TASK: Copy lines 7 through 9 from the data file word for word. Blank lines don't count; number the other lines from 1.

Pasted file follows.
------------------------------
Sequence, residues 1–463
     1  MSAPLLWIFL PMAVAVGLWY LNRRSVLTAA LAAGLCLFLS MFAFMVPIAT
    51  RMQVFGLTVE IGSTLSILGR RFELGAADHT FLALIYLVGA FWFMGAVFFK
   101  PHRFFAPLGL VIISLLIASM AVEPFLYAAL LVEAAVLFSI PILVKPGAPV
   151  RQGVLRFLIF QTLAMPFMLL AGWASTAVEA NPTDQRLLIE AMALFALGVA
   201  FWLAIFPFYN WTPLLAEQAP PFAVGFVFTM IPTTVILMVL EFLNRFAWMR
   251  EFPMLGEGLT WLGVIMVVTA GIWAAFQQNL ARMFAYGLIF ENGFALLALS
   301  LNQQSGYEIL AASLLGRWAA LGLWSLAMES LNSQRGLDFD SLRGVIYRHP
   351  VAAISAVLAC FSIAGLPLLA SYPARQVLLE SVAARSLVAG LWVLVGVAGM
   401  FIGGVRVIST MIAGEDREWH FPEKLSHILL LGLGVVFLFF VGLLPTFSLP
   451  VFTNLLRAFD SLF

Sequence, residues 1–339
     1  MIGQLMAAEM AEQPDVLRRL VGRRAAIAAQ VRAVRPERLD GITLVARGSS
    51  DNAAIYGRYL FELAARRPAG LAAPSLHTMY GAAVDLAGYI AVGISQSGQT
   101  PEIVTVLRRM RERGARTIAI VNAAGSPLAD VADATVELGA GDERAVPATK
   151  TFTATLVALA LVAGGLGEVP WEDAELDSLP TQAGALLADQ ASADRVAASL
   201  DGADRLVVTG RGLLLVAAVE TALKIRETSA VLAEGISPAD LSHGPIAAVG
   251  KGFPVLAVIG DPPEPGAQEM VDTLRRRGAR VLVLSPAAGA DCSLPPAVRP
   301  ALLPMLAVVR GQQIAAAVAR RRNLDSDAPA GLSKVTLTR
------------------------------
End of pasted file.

   251  EFPMLGEGLT WLGVIMVVTA GIWAAFQQNL ARMFAYGLIF ENGFALLALS
   301  LNQQSGYEIL AASLLGRWAA LGLWSLAMES LNSQRGLDFD SLRGVIYRHP
   351  VAAISAVLAC FSIAGLPLLA SYPARQVLLE SVAARSLVAG LWVLVGVAGM